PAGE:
Scientists report chemotherapy cocktail may cause adult women to grow new egg cells
December 7, 2016, 23:40:36 CET | Wikinews

Vials of drugs used in Chemotherapy. (Image: US National Cancer Institute.)
Chemotherapy is usually associated with a collection of side effects ranging from digestive problems to hair loss, but a study published this week in Human Reproduction demonstrated that female cancer patients may find they have something in common with much younger women in one specific area — their ovaries.





Vials of drugs used in Chemotherapy.
Image: US National Cancer Institute.


Scientists from the University of Edinburgh examined donated ovarian tissue from fourteen female cancer patients, most of whom had Hodgkin lymphoma, and compared it to tissue from healthy women. They found the samples from women who had been treated with a specific chemotherapeutic regimen known as ABVD not only contained greater numbers of dormant ova — egg cells — than those from women treated with harsher regimens but also more than samples from healthy women. ABVD is named for combining several drugs known as adriamycin, bleomycin, vinblastine, and dacarbazine.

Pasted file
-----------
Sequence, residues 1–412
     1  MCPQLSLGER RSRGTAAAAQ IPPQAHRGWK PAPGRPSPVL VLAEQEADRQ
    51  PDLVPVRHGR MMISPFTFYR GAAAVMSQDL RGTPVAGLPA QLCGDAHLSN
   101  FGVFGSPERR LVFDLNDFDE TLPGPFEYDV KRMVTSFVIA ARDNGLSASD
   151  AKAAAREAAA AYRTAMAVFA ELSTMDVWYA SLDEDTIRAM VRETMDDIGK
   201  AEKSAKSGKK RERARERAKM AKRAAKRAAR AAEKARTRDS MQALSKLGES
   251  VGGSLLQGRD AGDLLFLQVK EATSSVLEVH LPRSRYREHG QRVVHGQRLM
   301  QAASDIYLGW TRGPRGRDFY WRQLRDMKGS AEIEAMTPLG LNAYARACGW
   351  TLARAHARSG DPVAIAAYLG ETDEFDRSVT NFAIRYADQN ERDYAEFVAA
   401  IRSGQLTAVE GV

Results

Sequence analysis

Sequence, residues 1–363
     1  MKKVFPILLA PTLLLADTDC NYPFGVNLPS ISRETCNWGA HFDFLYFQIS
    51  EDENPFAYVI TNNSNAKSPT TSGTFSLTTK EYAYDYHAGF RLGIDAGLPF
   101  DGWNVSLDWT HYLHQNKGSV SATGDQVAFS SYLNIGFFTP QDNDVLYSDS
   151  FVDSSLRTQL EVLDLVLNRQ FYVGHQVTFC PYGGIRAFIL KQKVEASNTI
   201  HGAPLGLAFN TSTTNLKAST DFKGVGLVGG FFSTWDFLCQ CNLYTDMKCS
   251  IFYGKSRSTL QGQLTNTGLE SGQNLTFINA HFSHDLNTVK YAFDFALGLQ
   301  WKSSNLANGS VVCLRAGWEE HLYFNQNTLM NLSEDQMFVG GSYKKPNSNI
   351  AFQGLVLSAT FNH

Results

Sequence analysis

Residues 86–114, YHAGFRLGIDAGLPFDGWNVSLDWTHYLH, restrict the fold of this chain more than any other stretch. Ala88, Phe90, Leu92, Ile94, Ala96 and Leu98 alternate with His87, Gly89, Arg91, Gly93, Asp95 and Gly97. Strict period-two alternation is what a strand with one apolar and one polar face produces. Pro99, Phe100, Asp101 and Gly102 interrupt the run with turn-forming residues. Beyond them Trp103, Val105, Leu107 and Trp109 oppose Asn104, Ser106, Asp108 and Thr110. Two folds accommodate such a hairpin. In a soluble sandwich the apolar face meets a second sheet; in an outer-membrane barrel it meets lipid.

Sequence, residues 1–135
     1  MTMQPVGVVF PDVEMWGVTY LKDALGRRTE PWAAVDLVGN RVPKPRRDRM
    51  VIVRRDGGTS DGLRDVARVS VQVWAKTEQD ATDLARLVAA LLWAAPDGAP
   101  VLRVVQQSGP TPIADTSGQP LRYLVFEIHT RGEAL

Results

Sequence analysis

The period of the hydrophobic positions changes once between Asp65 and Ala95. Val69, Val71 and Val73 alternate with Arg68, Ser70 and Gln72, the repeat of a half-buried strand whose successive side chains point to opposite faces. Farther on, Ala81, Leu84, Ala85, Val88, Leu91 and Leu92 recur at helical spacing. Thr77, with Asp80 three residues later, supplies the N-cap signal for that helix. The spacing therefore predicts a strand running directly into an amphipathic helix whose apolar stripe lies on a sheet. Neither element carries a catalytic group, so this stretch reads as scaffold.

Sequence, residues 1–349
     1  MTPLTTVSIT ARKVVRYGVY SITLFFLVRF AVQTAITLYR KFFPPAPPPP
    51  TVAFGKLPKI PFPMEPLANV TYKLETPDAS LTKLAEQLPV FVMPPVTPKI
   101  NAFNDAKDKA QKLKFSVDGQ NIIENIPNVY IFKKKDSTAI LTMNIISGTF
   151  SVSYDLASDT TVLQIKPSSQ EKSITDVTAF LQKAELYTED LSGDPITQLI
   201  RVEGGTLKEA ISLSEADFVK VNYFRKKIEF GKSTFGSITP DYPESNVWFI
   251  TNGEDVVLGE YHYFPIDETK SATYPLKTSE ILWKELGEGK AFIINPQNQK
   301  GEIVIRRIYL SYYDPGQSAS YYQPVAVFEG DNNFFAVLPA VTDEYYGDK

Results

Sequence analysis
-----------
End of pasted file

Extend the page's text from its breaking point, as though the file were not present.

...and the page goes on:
These reproductive cells were not merely more plentiful in ABVD patients. They also appeared immature, "new" in the words of lead researcher Evelyn Telfer. This challenges the conventional belief that girls are born with all the ova they will ever have and the numbers can only go down as the cells are either used up by the reproductive cycle or succumb to damage or natural aging. However, further research is needed to confirm this. The study covered relatively few patients by scientific standards, and David Albertini of the Center for Human Reproduction in New York has suggested the cells may not actually be freshly grown. Instead, they may have always been there and were merely rendered more detectable by ABVD treatment.

The ability to grow new egg cells may have significant implications for women in Western societies, many of whom postpone childbearing to establish careers, sometimes into their late thirties or forties. However, Telfer warns against making use of these findings too soon: "There's so much we don't know about the ovary. We have to be very cautious about jumping to clinical applications."

The experiments had been discussed earlier this year at the annual conference of the European Society of Human Reproduction and Embryology.

Source: Wikinews
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